Tech.mic: But Travis County is only on the leading edge of a new technological trend that threatens to abolish in-person visitation across the country. By Jack Smith IV
'Over 600 prisons in 46 states have some sort of video visitation system, and every year, more of those facilities do away with in-person visitation.
'Anticipating the arrival of friends and family, making eye contact, holding a child's hand — these are the experiences and memories that give someone the resilience they need to make it in prison. A visit can alleviate the suffering that comes cold confinement and the brutality of unpredictable violence that erupts between inmates. Once people leave prison and return to society, their ability to thrive depends on the support network they left behind when they were incarcerated. In-person visits keep those relationships alive in a way that speaking through a flickering monitor does not.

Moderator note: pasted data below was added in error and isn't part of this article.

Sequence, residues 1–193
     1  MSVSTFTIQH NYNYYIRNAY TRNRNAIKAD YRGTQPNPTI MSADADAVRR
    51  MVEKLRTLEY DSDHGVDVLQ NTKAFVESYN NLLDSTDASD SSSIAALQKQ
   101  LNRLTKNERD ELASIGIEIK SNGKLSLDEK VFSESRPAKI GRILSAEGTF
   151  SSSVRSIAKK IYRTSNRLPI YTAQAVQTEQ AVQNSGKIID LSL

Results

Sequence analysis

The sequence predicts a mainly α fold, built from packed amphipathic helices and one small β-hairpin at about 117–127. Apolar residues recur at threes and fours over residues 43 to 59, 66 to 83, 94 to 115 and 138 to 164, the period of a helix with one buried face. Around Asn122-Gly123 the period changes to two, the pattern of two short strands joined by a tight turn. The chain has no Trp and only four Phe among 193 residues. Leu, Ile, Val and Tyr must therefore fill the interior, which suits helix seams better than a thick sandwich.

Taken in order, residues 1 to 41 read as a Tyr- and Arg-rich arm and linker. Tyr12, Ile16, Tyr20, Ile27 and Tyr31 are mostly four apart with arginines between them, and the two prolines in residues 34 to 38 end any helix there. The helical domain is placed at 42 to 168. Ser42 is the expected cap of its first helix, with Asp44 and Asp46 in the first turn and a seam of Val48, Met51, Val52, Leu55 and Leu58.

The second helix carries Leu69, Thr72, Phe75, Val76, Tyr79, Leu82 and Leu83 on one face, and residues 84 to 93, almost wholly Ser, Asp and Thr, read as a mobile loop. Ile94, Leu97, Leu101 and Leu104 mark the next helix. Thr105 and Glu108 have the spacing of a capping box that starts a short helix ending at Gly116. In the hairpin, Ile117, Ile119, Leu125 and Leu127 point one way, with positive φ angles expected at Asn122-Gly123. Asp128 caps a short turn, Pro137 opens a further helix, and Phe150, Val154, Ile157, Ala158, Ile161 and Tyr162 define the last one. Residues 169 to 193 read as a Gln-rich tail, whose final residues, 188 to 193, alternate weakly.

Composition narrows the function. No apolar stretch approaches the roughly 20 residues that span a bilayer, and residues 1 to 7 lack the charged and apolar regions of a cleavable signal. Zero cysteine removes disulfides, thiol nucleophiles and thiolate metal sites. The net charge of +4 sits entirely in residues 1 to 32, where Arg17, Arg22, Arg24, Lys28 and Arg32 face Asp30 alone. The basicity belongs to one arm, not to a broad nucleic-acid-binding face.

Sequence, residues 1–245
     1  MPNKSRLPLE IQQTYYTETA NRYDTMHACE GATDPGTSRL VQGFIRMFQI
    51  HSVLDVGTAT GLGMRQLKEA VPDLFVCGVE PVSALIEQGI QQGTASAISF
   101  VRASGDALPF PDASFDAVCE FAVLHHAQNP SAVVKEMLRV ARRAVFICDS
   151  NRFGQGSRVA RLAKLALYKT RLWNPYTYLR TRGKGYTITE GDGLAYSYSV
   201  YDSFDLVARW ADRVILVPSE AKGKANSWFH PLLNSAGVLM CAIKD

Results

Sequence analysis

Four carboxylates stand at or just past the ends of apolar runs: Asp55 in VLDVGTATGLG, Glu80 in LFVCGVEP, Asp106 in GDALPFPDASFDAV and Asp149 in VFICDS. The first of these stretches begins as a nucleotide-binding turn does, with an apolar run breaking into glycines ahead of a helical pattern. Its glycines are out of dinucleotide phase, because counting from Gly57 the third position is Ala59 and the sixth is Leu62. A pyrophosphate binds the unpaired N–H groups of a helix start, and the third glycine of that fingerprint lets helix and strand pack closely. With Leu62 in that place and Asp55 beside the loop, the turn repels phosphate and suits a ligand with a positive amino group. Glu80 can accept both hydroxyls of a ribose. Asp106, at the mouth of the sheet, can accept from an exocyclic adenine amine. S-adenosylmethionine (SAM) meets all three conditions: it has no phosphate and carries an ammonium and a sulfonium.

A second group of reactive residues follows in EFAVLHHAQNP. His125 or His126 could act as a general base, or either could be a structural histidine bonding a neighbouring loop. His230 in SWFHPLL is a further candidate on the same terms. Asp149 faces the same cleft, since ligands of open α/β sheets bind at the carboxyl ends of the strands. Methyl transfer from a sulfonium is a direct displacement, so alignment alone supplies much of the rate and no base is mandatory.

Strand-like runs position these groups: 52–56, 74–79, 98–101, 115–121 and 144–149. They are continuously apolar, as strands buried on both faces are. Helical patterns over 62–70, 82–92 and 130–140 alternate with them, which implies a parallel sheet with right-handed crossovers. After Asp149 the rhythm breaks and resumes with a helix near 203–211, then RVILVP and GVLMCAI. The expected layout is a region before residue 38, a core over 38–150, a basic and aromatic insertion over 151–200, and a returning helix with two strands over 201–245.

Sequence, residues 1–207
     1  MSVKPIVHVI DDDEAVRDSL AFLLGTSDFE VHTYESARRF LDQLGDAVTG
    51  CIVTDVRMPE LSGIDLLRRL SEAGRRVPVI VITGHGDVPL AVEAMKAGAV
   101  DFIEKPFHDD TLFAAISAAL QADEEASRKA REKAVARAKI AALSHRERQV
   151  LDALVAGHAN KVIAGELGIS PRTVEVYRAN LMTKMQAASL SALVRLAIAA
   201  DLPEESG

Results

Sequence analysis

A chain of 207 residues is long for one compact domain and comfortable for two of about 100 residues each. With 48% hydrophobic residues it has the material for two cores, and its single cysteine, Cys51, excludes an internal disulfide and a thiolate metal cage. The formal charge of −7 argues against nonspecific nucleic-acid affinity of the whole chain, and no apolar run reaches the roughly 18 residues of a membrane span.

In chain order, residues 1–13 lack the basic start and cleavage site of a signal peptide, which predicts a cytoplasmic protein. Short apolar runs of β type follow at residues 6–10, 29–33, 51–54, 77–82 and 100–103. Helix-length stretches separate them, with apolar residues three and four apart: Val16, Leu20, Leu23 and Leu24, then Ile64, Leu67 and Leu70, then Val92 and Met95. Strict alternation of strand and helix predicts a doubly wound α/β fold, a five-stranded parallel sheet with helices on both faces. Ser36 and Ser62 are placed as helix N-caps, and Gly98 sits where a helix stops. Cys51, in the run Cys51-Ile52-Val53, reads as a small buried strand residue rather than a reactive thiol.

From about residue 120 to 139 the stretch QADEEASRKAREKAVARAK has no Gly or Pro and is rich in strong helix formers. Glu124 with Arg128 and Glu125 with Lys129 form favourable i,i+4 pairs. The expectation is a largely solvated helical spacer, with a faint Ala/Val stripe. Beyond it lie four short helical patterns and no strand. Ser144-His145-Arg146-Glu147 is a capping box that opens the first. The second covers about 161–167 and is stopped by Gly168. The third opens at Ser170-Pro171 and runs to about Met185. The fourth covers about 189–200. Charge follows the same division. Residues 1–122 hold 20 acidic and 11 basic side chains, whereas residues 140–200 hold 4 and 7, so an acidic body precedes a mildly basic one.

'Video visitation requires fewer full-time prison staff members, so if the private contractors are willing to run the visitation system themselves, it's a pretty sweet deal for counties. Especially when those contractors are paying their way in.
'County officials across the country claim video visitation is good for security. When [Jorge] Renaud got ahold of prison records, they showed that incidences of inmate-on-inmate violence, disciplinary infractions and possession of contraband all rose after Travis County did away with in-person visitation.'